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Conflict! Arpaio vs Klayman


What a pretty kettle of fish this is.

Larry Klayman appeared briefly before Judge G. Murray Snow in the Melendres case on July 20 to argue that certain material supplied by  Dennis Montgomery to Sheriff Arpaio should not be shown to the Department of Justice. Klayman has applied for admission pro hac vice to represent Montgomery’s interests in the case, although he is not a party to the litigation.

Speaking to the Court, Klayman said that he did not have a conflict with Sheriff Arpaio but in an Email from Arpaio to Klayman (the email was handled by Amy Lake since Sheriff  Joe himself doesn’t do email) Arpaio does, saying (in a document disclosed today):

Your e-mail indicates that you represent Mike Zullo and Denis Montgomery. That would, and does, create a conflict here in Arizona.

Klayman represents Arpaio in a lawsuit against Barack Obama, a frivolous matter IMO, but Arpaio wants noting to do with him in the Melendres case. Further interest is generated by the mention of Mike Zullo who in prior emails expressed displeasure with the work product produced by Montgomery (as did the Sheriff’s Office).

Arpaio paid Montgomery at least $120,000 for “junk” and Zullo paid him $10,000 or more for software that didn’t work, but  Klayman wants to participate in a case representing Montgomery (and I guess Zullo) where Arpaio is a party, and where Klayman might well be a witness!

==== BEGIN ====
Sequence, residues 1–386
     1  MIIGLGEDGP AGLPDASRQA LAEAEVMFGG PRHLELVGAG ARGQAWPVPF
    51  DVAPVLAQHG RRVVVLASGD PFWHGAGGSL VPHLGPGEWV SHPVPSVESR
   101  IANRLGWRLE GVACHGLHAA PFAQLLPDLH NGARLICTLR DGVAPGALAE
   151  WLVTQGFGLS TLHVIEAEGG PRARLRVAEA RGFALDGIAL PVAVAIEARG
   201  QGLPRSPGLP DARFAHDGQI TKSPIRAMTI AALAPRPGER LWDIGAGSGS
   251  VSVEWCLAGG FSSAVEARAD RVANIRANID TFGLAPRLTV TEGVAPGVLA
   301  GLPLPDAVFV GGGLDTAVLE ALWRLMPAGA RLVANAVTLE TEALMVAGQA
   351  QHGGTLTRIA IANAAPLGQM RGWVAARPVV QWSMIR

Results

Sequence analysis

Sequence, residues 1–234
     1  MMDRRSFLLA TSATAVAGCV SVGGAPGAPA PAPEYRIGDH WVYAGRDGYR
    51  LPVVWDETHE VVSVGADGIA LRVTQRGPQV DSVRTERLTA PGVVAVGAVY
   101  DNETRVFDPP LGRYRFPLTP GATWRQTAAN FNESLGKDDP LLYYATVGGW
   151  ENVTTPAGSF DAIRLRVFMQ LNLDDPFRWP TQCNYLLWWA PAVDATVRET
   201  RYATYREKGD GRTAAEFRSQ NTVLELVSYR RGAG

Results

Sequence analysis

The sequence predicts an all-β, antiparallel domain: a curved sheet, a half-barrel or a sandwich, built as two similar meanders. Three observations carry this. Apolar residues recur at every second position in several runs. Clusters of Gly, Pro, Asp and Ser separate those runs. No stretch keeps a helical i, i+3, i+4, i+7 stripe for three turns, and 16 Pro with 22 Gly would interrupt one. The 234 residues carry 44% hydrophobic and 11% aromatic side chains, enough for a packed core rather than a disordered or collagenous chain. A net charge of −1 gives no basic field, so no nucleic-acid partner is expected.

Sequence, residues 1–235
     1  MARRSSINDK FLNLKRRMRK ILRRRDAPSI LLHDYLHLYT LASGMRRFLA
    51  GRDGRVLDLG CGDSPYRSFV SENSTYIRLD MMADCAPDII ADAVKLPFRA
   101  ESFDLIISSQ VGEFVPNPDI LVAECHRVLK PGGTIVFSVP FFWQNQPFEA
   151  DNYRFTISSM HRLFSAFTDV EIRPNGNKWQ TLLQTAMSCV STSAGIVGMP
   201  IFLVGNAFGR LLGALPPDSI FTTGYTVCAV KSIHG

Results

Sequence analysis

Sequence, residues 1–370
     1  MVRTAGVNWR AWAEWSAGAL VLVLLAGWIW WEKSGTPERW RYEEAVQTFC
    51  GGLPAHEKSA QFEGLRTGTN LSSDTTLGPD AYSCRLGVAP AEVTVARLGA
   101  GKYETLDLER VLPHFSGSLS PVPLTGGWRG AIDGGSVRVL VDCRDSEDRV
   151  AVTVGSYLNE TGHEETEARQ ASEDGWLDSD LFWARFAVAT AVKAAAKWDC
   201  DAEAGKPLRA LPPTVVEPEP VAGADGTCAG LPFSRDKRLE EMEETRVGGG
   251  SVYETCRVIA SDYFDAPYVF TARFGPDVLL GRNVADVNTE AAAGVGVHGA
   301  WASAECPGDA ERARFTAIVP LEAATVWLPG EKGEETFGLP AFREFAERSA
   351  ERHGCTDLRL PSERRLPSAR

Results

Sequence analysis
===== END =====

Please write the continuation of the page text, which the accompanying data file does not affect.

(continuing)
This is all hopelessly tangled in conflicts of interest, and I cannot see any way that Judge Snow is going to let Klayman anywhere near the Melendres case.



Every nut-case Obama conspiracy theorist on the planet probably knows Barack Obama’s social-security number. It leaked out through a redaction error when Obama’s income tax filing was published. Remove the little black overlay, and voila, the number in all of its glory. The number was then publicized by Orly Taitz who included it in a court filing, marked out poorly (You can read about that in the article: “Somebody buy Orly a new black marker, please!”) at

Millions of court documents are filed every year, and the federal PACER system makes many of them available to the public. Court rules require redaction of certain information such as social-security numbers and dates of birth, but that doesn’t mean it always happens. Sometimes it’s not redacted at all, and sometimes unredacted through a technical error. I found an unredacted social-security number in a court document once and I notified the clerk of court by email of the violation. The reply I got back was that it wasn’t the court’s problem, that I should contact a party in the case.

It turns out that there are literally thousands of examples of such unredacted private information in the federal court system and this is the subject of an article and study by Timothy B. Lee at the Freedom to Tinker blog: “Studying the Frequency of Redaction Failures in PACER.”

Over the years, I have seen several articles published for the legal community on redaction. (A pet peeve of mine is that one has to buy the Professional edition of Adobe Acrobat to get its redaction feature.) The NSA has tackled the issue in 3 papers included in the reading list that follows.

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County settles other Arpaio lawsuit–mostly

The Department of Justice’s civil rights lawsuit against Sheriff Joe Arpaio, alleging a pattern of behavior including retaliation against the Sheriff’s political enemies, was settled on most counts by Maricopa County this past July 16. A bench trial had been scheduled in United States of America v. Maricopa County of et al (2:2012-cv-00981) to begin in August and to last 15 days. (Joe Arpaio is part of the et al).